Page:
"...ACT is a classical liberal party. Liberals believe that it is the citizen who has the rights and obligations, not the collective....there is a public perception that ACT is sort of a more right-wing version of National; that National and ACT are in coalition, that we share a common approach. Not so, ACT has never been in coalition with National. ACT declined to join the Shipley National Government because we had significant differences with National's big spending, high-tax programme and failure to promote freedom...[in government] National voted against important bills ACT introduced...ACT's bills were opposing privilege and limiting the power of the state. National was preserving the status quo and avoiding alienating privileged groups, or was just rolled by officials against whom, having no basic principles, National's ministers are helpless to argue against....But public confusion about ACT and National is understandable. Both National and ACT oppose Labour's radical collectivist programme. ACT and National fought the re-nationalisation of ACC, the empowering of unions by the Employment Relations Act, the envy rate that the new rate of income tax represents....so voters and commentators assume ACT and National are similar parties. Not so. ACT is as I explained a classic liberal party. National is a conservative party. National so far as it has a programme supports the status quo, things as they are, and opposes change. So in opposition we find ourselves together resisting Labours proposals for change. ACT because they are bad policy, but National just because they are proposals for change...It was Hayek in his famous article 'Why I am not a Conservative'who pointed out the inadequacy of the conservative approach. Conservatism 'by its very nature, cannot offer an alternative to the direction in which we are moving'. ...There is a lot of criticism of Bill English and the current National MPs for failing to stand for anything. A great deal of criticism is unfair. When has the National Party ever stood for an alternative programme? National's record is to oppose whatever Labour proposes and then move leftward to adopt Labour's programme. National governments have got elected by promising to manage better whatever Labour has put in place...the history of the National Party is that it is just as willing to use the coercive powers of the state to impose its views on fellow citizens as any Labour government...the National party does not object to Labour's use of government power but that it is Helen Clark doing it...the liberal says there are clear limits to government power. We do not believe the state should do for citizens what citizens can and should do for themselves...while we in ACT oppose Labour's social engineering we do not agree with the social conservatives in Parliament who also want to impose their view on society...the liberal does not fear new ideas. We liberals have great faith in the power of ideas..."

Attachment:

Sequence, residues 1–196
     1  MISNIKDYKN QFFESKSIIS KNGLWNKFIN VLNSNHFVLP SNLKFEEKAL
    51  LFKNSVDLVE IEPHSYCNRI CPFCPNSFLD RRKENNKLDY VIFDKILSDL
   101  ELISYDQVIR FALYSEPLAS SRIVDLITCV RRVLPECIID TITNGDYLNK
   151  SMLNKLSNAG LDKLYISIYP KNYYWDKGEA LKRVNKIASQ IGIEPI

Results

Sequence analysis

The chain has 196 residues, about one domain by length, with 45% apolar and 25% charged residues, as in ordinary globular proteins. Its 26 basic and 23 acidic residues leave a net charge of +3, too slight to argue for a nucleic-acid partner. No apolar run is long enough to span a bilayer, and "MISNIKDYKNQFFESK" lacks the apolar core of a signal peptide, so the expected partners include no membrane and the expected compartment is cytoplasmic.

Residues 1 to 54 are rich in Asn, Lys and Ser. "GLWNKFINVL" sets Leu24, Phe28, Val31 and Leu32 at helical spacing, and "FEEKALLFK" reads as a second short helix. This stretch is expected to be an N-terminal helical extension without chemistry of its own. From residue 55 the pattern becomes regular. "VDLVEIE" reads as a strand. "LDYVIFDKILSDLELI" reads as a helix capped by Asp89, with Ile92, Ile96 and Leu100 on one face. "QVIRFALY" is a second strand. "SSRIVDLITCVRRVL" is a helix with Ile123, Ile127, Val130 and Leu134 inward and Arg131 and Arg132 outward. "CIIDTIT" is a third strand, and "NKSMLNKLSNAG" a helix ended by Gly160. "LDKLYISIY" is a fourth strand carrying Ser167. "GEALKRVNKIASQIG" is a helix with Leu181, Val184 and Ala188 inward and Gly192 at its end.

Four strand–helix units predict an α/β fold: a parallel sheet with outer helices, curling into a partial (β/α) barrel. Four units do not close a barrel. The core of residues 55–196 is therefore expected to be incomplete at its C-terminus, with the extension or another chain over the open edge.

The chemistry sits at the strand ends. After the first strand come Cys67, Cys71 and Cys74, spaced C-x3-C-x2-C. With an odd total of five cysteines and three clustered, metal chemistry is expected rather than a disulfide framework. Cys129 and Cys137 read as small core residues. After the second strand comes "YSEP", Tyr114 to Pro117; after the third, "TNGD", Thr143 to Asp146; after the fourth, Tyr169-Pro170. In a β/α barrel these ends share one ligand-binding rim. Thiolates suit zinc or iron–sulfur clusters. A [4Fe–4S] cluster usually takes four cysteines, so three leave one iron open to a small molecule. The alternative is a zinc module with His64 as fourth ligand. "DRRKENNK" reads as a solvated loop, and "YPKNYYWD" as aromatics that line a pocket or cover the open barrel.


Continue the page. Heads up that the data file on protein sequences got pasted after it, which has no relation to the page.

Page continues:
Well he said it better than I could. Who was he?
May 22 in history
5 minutes ago